Do You Know DON?
Published on April 4, 2020
No, we are not talking about the neighbor or relative. This is in reference to Fusarium Head Blight, also known as scab or DON, which is a fungal disease that significantly effects wheat and barley crops.
DON could be a potential concern to Wyoming’s farmers, who produced an average of 3.91 million bushels of wheat and 6.81 million bushels of barley. This fungus is found on and attacks the grain of the crop causing yield loss, low test weights, low seed germination and mycotoxin contaminated grain, which results in lost revenues for farmers and potential rejection of the harvested grain at elevators.
The main identifying symptom for this disease is bleaching of some florets in the crop’s head prior to maturity, while severe infections can cause premature bleaching of the entire head. Infected kernels often have pink or orange colored mold on them and are often shriveled, white and chalky in appearance.
The disease is caused by several species of fungi from the group known as Fusarium, hence the name, Fusarium graminearum is the most common. This disease can be introduced into a field by spores blown in by the wind or by contaminated seed.
Like most fungi, Fusarium Head Blight thrives in warm moist conditions which can be caused through rain, irrigation, fog or long evening dew events. Therefore, this disease is more prevalent in irrigated fields than dryland.
However, dryland fields can get this disease if climatic events lineup correctly. Once established in a portion of the field, this disease spreads rapidly throughout the area by wind and splashing water. The most susceptible portion of the wheat and barley plant is the head and in particular when the crop is flowering.
After the growing season the fungus overwinters on crop residue and can re-infect a following wheat or barley crop. It should also be noted Fusarium Head Blight can also persist and colonize corn and other grass crops such as forage grasses.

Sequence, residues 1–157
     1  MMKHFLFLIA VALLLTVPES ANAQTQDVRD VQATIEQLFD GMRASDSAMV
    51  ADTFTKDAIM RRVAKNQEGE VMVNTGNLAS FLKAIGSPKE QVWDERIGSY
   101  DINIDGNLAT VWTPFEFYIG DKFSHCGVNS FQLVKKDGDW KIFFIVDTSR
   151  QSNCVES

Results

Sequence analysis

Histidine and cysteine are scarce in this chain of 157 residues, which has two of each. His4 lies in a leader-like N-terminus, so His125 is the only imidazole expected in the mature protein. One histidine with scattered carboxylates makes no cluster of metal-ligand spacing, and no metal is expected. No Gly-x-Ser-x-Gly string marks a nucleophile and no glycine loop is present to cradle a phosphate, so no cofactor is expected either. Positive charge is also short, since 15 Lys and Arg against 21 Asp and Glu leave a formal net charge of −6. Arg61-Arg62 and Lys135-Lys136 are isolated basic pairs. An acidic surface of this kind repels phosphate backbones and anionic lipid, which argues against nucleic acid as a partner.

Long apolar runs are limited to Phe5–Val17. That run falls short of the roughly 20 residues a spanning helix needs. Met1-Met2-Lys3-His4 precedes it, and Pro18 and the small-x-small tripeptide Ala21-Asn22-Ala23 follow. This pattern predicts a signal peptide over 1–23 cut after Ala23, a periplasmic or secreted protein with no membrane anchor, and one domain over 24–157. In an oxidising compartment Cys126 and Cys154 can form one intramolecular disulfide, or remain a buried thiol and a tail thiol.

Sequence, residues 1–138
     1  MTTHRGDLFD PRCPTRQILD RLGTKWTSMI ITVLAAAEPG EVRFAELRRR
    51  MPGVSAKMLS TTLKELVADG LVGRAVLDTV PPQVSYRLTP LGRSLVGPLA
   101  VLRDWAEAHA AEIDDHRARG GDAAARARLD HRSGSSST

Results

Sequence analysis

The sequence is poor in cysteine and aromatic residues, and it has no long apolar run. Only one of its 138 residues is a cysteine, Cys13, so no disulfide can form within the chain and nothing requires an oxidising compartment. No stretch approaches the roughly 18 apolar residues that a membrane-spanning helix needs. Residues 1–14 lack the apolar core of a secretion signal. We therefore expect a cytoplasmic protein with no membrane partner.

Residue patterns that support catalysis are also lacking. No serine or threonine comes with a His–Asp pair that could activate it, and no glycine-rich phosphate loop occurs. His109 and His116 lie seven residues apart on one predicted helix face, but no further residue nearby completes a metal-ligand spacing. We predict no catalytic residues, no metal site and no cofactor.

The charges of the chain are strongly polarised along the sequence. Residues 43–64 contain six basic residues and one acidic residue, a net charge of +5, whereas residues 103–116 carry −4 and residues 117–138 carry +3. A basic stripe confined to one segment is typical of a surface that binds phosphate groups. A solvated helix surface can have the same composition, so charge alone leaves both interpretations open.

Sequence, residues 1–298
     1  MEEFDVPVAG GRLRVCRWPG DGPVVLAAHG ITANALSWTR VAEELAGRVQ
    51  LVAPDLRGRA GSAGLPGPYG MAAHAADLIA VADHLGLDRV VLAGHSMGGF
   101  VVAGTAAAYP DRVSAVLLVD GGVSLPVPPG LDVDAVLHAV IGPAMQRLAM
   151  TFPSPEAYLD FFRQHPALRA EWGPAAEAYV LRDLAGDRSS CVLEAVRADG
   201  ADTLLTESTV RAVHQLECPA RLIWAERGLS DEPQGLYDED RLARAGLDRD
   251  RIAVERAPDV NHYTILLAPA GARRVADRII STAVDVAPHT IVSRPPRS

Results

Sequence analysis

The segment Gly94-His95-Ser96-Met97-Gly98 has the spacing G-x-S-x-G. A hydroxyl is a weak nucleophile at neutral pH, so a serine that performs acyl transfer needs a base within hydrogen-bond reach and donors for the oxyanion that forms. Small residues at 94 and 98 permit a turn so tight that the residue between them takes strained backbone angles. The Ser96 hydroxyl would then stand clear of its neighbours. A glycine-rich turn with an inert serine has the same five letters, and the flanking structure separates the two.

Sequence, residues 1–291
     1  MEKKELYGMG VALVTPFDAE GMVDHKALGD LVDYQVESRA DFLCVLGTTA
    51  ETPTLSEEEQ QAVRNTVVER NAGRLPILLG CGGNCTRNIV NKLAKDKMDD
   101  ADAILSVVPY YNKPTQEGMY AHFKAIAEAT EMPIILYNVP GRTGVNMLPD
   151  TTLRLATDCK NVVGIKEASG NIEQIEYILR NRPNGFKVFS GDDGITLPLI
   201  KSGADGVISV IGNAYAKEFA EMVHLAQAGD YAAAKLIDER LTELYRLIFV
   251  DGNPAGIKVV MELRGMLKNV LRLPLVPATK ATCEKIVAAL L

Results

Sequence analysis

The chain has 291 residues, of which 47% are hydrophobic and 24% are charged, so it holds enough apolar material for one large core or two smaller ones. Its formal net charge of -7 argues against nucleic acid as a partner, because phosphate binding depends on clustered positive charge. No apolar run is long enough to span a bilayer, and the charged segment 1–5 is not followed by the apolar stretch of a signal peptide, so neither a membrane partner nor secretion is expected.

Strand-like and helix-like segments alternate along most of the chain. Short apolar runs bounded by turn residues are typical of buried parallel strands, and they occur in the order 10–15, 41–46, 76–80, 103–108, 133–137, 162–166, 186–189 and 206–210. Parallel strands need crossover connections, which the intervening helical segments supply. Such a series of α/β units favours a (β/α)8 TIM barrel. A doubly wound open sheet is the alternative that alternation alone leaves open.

So, what can be done to prevent or reduce this disease? First of all, if there is no history of scab in our own fields, neighbor’s fields or other fields in the county, then the chances are extremely low and probably not a huge concern. If there is a concern of potential infection, then following an integrated pest management (IPM) or multifaceted approach is highly recommended.
Typically, the first recommendation for IPM would be to use resistant varieties. Currently, there are several spring wheat varieties that are tolerant, though there are no barley or winter wheat varieties that are resistant.
The next management implementation is crop rotation, which breaks the cycle of the disease and declines the fungi population that causes reinfection especially if a legume crop or broadleaf crop is rotated between grain crops.
Research has proven Fusarium Head Blight infection is two times higher when wheat is planted into wheat stubble than when wheat is planted into soybean stubble.